At the Cocody-Anono community health centre, south-east of the Ivorian economic capital of Abidjan, Bertine Bahi* regularly attends awareness sessions on Preventing Mother-to-Child Transmission (PMTCT) for women living with HIV.
After 17 years of women struggling for parity with men in the household, Côte d'Ivoire's
legislature has finally adopted a law which establishes equal responsibility for legally married spouses. But not everyone is happy.
Women farmers in Côte d'Ivoire are achieving greater autonomy and economic independence thanks to new varieties of cassava.
Even as Côte d'Ivoire gradually recovers from the bloody events of the 2010-2011 post-electoral crisis, massacres in the western part of the country and the frequent sound of gunfire in the economic capital, Abidjan, are signs of the long road ahead.
Nine women in the northern Côte d'Ivoire town of Katiola have been convicted for carrying out female genital mutilation – the first time that a 1998 law banning FGM has been applied.
A shiver ran down Habiba Kanaté's* spine when she read about a policeman shooting and killing his wife in Abidjan, the economic capital of Côte d'Ivoire. "That could have been me," she said.
Twelve-year-old Ahmed* pauses on his crutches in the narrow lane that leads from his house to the main road, glancing at the bullet holes still visible on the walls here in the Abobo Park 18 area of Abidjan. He sighs, then speeds up again to catch the bus that will take him downtown to the Adjamé quarter.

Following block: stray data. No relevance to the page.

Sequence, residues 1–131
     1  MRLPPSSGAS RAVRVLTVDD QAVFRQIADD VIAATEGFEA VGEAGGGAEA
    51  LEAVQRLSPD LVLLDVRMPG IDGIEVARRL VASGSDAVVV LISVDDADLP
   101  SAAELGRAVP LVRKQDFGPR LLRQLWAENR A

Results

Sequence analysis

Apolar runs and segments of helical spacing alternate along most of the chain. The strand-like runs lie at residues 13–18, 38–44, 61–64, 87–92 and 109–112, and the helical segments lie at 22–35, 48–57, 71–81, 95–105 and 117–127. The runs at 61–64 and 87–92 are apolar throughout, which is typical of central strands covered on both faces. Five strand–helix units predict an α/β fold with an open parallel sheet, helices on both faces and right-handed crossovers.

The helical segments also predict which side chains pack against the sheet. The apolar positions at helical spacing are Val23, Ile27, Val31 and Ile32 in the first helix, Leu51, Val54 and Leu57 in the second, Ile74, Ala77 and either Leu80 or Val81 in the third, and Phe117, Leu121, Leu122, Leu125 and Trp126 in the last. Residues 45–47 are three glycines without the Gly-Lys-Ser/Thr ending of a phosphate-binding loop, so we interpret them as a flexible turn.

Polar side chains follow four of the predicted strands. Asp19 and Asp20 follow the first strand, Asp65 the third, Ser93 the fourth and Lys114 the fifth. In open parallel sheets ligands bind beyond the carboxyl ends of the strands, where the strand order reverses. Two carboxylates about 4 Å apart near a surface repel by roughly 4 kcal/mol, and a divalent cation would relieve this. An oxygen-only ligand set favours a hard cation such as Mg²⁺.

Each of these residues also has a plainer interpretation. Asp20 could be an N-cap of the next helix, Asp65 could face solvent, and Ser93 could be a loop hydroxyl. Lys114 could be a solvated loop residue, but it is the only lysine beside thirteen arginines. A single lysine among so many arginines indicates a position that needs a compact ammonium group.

Thousands of people suffered rape, torture and other violence during the post- electoral crisis in Côte d'Ivoire beginning in December 2010. But many survivors of rights violations have been afraid to seek justice for fear of reprisals by the perpetrators. An initiative by the International Federation of Human Rights aims to support 75 such victims as they bring their cases to court.
Rebel leaders in Guinea-Bissau have released the country's prime minister and interim president, who were arrested in the country's Apr. 12 coup, and have flown them to Côte d'Ivoire.
Mathieu Djessan looks over the four-hectare expanse of fish ponds with satisfaction. The aquaculture enterprise the 29-year-old runs here near the town of Tiassalé in southern Côte d'Ivoire is quickly proving profitable.
The births of tens of thousands of children during Côte d'Ivoire's eight-year rebellion were not formally recorded. Providing these children with birth certificates is one of the mundane yet vital challenges facing the authorities as they work to re-establish the country's public administration.
Sea levels on the coasts of Côte d'Ivoire and other West African countries have risen again this year, devastating houses and other infrastructure. The search for effective solutions is lagging behind accelerating coastal erosion.
Between now and 2012, the Côte d'Ivoire government plans to establish a scrap metal processing industry that will supply finished products to domestic and regional markets. It is unwelcome news for the country's existing scrap dealers.
The international community's efforts to deny embattled president Laurent Gbagbo access to funds from cocoa exports have resulted in hundreds of thousands of tonnes of Ivorian cocoa surfacing in neighbouring countries.
The political stand-off between Alassane Ouattara, certified by the United Nations as winner of Nov. 28 elections, and the incumbent president, Laurent Gbagbo, who has refused to step down, is stretching into its eighth week.
Presidential elections in Côte d'Ivoire, scheduled for Nov. 29, were postponed until February or March 2010. Among the candidates who will try to take advantage of some additional time to campaign will be the sole independent candidate, Jacqueline Oble.
When a major agribusiness company began clearing the rich reservoir of biodiversity of southeast Côte d'Ivoire's Tanoé Swamps Forest for an oil palm plantation, ecologists and local communities demonstrated in favour of preserving it.